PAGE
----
Next we headed to the purchasing part of our reason to attend festival. Fat Quarter Queen is one of our favorite stops. I showed great restraint this year and only purchased a dozen fat quarters. Some of my favorite booths were Missouri Quilt Company. I even got my picture made with Jenny Doan who has some great quilt tutorials. She is as charming in person as she is in her tutorials. I loved Laundry Basket Quilts, Moda Bake Shop (everyone gets a free mini-charm pack for stopping by), The Teacher’s Pet (darling baby quilts) and B&T Studios (fiber artist … just had to have her stunning bluebonnet pattern).

There are also booths that have nothing to do with quilting. I loved The Bell Collection and purchased a “grandmother’s bell.” They also make lovely bell charms.

It is a wonderful event and one of the top-attended conventions in Houston with about 60,000 attendees. I’m already thinking about next year!

Amsterdam … and a visit with Anne Frank and Van Gogh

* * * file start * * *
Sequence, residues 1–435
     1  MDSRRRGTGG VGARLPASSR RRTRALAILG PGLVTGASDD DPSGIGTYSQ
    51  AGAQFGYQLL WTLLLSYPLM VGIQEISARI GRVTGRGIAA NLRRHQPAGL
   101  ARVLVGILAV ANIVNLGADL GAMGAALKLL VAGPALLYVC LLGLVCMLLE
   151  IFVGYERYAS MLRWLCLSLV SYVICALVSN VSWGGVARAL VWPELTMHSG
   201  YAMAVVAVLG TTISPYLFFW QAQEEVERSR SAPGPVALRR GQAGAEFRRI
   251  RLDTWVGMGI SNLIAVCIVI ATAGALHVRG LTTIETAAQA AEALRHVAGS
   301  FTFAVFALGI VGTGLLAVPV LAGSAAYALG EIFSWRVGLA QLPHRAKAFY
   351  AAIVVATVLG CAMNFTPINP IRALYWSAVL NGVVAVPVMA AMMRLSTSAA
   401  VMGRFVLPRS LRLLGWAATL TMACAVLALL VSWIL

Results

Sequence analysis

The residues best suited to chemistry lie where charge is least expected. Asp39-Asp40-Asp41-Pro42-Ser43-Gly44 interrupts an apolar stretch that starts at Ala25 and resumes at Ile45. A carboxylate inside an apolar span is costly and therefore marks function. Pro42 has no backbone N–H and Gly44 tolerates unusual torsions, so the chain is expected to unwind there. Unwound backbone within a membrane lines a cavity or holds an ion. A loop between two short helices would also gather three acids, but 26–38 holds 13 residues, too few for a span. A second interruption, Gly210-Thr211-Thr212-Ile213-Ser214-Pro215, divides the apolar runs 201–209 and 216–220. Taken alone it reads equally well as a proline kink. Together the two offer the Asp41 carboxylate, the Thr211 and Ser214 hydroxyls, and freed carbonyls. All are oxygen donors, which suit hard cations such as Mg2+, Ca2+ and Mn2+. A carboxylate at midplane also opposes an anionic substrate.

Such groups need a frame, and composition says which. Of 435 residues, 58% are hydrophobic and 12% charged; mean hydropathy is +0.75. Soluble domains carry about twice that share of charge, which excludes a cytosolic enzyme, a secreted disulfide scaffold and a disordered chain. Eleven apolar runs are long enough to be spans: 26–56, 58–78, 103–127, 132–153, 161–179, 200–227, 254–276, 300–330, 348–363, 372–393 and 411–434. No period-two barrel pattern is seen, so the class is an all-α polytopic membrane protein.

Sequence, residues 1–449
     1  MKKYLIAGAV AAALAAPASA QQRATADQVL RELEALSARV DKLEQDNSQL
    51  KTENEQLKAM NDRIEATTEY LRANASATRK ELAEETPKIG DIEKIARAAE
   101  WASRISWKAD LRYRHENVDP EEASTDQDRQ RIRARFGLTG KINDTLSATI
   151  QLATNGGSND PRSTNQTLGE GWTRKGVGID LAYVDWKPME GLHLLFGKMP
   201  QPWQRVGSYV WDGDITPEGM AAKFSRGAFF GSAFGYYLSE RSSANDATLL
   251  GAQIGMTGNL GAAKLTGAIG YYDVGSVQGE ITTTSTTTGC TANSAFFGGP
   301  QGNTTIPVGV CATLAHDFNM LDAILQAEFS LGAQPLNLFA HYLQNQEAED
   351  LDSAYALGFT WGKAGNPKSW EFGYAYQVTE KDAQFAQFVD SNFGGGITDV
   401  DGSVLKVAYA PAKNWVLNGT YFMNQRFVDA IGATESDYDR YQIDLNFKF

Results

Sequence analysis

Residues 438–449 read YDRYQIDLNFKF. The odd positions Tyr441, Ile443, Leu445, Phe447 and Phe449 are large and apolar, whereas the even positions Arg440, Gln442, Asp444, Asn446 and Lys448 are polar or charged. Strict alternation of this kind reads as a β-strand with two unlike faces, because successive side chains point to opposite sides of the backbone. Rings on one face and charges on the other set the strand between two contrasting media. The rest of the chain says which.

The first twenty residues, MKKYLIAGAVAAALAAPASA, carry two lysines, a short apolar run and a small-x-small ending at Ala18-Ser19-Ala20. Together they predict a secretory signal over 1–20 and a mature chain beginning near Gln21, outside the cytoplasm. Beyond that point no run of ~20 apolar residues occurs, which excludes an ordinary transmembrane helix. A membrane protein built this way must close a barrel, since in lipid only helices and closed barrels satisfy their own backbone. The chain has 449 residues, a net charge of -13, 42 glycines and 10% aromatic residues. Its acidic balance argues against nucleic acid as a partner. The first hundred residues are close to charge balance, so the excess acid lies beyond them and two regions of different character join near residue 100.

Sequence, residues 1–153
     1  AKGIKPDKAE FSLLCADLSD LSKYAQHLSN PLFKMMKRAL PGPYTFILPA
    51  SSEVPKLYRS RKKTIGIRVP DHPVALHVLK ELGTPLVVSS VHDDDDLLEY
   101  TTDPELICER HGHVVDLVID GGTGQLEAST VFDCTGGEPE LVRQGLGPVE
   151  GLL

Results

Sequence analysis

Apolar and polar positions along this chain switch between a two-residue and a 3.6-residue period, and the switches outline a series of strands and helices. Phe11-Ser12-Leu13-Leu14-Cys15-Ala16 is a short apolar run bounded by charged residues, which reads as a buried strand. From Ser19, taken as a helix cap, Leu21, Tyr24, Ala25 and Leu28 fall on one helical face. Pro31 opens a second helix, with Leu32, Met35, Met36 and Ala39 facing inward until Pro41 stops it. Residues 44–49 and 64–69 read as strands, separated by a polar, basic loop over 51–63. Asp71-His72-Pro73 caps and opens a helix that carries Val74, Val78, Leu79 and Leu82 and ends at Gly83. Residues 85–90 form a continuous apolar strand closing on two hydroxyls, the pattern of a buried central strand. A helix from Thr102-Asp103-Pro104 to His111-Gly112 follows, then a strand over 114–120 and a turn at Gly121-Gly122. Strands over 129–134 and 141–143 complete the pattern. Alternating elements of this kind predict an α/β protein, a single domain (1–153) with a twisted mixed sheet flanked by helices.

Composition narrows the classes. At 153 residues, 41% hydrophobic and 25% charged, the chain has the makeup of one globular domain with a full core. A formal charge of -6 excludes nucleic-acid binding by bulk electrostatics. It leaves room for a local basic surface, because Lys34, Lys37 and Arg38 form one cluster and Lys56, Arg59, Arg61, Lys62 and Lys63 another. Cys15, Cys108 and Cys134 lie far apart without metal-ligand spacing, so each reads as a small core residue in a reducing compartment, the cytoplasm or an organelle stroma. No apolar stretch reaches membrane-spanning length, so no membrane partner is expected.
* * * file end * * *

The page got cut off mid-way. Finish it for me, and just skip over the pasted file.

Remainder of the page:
The Anne Frank Museum and the Van Gogh Museum were hands down … at the top of my Amsterdam bucket list when I was planning the trip! Even more important, as time is so fleeting when you travel, was to purchase our tickets online before leaving home. I hate to stand in long lines and the Anne Frank House in particular is notorious for VERY LONG LINES!

First, the Anne Frank Museum is located in the Joordan area of Amsterdam about a twenty-minute stroll from the Central Station. Before you leave home, make a commitment to the day and time you will be there. Museum tickets are 9.50 euros per adult. Decide if you want to participate in the 30 minute introduction lecture (add 5 euros to cost of an adult ticket) before you hit the “purchase” button. Even if you have read Anne’s entire diary the day before your visit, you will learn so much you didn’t know! Personally, I’ve read her diary twice and never knew the museum is actually located in the factory Anne’s father owned. Among other things, Mr. Frank was the inventor of pectin, an ingredient that canners will recognize that is so crucial to the whole canning process. Mr. Frank carefully planned the hiding place located in his factory. It was worked on little-by-little in one of the upper stories of the factory/warehouse as the war was raging around Holland.